How Are You, My Dearest Mozart? Well-being and Creativity of Three Famous Composers Based on their Letters
The well-being of a person is reflected in the language used. Building on 1,400 letters written by three famous music composers, I obtain well-being indices that span their lifetime. The validity of this methodology is shown by linking the indices with biographical information and through estimation of the determinants of well-being. I find, consistent with the literature, that work-related engagements and accomplishments are positively related with well-being, while poor health or death of a relative is detrimental. I then exploit the data and provide quantitative evidence on the existence of a causal impact of negative emotions on outstanding creativity, an association hypothesized across several disciplines since the Antiquity; however, not yet convincingly established for the case of extraordinary achievers.
|Date of creation:||17 Dec 2013|
|Date of revision:|
|Contact details of provider:|| Postal: |
Phone: 65 50 32 33
Fax: 65 50 32 37
Web page: http://www.sdu.dk/ivoe
More information through EDIRC
Please report citation or reference errors to , or , if you are the registered author of the cited work, log in to your RePEc Author Service profile, click on "citations" and make appropriate adjustments.:
- Dolan, Paul & Metcalfe, Robert, 2012. "The relationship between innovation and subjective wellbeing," Research Policy, Elsevier, vol. 41(8), pages 1489-1498.
- Michael A. Shields & Stephen Wheatley Price, 2005. "Exploring the economic and social determinants of psychological well-being and perceived social support in England," Journal of the Royal Statistical Society Series A, Royal Statistical Society, vol. 168(3), pages 513-537.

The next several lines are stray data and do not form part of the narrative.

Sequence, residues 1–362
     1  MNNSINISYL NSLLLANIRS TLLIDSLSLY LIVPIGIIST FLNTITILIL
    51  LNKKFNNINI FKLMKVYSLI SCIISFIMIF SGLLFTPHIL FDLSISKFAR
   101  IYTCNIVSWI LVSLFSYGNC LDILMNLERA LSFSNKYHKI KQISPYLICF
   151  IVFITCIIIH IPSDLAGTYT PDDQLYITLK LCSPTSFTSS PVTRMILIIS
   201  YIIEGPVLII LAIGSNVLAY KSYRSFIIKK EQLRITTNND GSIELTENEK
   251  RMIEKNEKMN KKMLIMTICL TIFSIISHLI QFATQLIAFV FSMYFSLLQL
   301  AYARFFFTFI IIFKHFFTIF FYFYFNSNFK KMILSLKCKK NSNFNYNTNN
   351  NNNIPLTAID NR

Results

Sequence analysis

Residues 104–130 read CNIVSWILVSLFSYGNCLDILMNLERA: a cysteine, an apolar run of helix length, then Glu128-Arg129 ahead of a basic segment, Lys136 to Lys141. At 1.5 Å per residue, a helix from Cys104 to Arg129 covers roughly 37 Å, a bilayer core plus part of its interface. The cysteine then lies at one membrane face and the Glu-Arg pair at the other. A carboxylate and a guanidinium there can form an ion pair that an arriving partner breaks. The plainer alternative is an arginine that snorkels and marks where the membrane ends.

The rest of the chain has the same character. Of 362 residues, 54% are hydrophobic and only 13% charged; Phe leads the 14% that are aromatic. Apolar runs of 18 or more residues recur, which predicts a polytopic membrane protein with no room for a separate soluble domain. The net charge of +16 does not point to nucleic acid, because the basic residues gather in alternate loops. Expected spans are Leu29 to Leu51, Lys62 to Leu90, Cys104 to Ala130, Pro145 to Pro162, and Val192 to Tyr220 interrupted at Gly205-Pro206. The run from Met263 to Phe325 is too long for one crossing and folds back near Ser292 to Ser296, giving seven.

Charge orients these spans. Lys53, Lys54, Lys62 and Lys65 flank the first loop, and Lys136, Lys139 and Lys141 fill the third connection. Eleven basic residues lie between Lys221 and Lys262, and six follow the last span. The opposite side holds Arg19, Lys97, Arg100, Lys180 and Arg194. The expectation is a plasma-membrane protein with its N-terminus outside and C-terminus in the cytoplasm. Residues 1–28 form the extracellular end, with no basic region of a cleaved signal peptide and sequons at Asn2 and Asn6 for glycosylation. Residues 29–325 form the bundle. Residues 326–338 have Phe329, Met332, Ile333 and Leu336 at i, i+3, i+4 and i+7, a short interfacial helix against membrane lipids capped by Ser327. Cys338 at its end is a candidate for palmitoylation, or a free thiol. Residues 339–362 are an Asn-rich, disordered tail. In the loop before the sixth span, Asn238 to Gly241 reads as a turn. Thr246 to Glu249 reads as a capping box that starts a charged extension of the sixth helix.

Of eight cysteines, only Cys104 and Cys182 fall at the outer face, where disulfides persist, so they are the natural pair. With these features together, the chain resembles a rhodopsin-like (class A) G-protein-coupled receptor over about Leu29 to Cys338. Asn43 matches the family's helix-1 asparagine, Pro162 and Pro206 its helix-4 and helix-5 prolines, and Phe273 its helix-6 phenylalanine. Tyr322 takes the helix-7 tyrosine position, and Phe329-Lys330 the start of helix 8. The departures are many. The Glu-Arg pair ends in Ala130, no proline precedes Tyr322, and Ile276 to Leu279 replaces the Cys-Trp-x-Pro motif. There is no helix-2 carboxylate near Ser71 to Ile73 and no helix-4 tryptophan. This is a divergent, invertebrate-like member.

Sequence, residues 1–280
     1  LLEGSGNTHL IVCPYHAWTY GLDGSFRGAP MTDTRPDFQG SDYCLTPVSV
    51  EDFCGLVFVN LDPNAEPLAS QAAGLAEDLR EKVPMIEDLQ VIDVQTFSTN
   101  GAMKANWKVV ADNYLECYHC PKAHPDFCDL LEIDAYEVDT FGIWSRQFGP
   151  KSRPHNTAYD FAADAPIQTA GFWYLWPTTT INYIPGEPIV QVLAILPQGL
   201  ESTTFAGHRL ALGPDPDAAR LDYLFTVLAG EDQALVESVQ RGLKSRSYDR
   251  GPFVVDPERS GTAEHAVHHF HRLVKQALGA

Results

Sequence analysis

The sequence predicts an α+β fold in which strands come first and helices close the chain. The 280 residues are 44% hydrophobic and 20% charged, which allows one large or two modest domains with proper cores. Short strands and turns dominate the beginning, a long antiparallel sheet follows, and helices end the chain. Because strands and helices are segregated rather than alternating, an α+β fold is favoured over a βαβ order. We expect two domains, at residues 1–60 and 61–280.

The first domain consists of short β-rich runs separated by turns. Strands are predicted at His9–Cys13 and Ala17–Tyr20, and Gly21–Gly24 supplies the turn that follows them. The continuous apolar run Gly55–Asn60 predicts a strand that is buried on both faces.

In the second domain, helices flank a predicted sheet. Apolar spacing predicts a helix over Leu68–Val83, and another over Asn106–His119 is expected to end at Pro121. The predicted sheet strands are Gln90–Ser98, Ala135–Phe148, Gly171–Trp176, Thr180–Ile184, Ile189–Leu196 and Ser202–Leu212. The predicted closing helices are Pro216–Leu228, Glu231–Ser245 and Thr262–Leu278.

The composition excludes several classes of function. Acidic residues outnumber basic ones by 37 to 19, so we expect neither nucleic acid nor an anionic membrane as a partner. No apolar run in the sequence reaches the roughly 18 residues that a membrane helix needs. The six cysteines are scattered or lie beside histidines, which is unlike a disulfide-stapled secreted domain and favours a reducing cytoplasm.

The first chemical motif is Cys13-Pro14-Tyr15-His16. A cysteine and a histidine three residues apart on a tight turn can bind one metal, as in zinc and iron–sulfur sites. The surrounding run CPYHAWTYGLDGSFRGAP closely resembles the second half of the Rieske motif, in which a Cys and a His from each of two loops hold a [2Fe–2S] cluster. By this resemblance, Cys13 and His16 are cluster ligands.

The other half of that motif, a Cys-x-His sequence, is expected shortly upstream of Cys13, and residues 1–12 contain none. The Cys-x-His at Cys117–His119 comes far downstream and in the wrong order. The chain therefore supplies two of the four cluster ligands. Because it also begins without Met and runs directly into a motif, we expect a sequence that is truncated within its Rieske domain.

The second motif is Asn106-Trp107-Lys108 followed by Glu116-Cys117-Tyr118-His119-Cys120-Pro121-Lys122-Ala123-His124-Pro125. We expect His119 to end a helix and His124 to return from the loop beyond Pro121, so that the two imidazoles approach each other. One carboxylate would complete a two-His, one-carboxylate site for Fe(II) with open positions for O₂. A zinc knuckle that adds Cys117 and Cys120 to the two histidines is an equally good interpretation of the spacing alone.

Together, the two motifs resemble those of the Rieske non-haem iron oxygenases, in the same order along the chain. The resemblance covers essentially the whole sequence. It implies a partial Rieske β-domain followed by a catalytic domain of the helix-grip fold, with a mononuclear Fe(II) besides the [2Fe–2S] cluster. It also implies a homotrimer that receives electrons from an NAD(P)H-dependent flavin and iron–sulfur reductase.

- Karol Jan Borowiecki, 2012.
"Are composers different? Historical evidence on conflict-induced migration (1816-1997),"
European Review of Economic History,
Oxford University Press, vol. 16(3), pages 270-291, August.
- Karol Jan BOROWIECKI, 2011. "Are Composers Different? Historical Evidence on Conflict-induced Migration (1816-1997)," Trinity Economics Papers tep0811, Trinity College Dublin, Department of Economics.
- Karol Jan Borowiecki, 2010. "Are Composers Different? Historical Evidence on Conflict-induced Migration (1816-1997)," The Institute for International Integration Studies Discussion Paper Series iiisdp342, IIIS.
- Dolan, Paul & Peasgood, Tessa & White, Mathew, 2008. "Do we really know what makes us happy A review of the economic literature on the factors associated with subjective well-being," Journal of Economic Psychology, Elsevier, vol. 29(1), pages 94-122, February.
- Andrew E. Clark & Paul Frijters & Michael A. Shields, 2008.
"Relative Income, Happiness, and Utility: An Explanation for the Easterlin Paradox and Other Puzzles,"
Journal of Economic Literature,
American Economic Association, vol. 46(1), pages 95-144, March.
- Clark, Andrew E. & Frijters, Paul & Shields, Michael A., 2007. "Relative Income, Happiness and Utility: An Explanation for the Easterlin Paradox and Other Puzzles," IZA Discussion Papers 2840, Institute for the Study of Labor (IZA).
- Lasse Steiner & Lucian Schneider, 2013. "The happy artist: an empirical application of the work-preference model," Journal of Cultural Economics, Springer, vol. 37(2), pages 225-246, May.
- Martin Binder, 2013. "Innovativeness and Subjective Well-Being," Social Indicators Research, Springer, vol. 111(2), pages 561-578, April.
When requesting a correction, please mention this item's handle: RePEc:hhs:sdueko:2013_020. See general information about how to correct material in RePEc.
For technical questions regarding this item, or to correct its authors, title, abstract, bibliographic or download information, contact: (Lene Holbæk)
If references are entirely missing, you can add them using this form.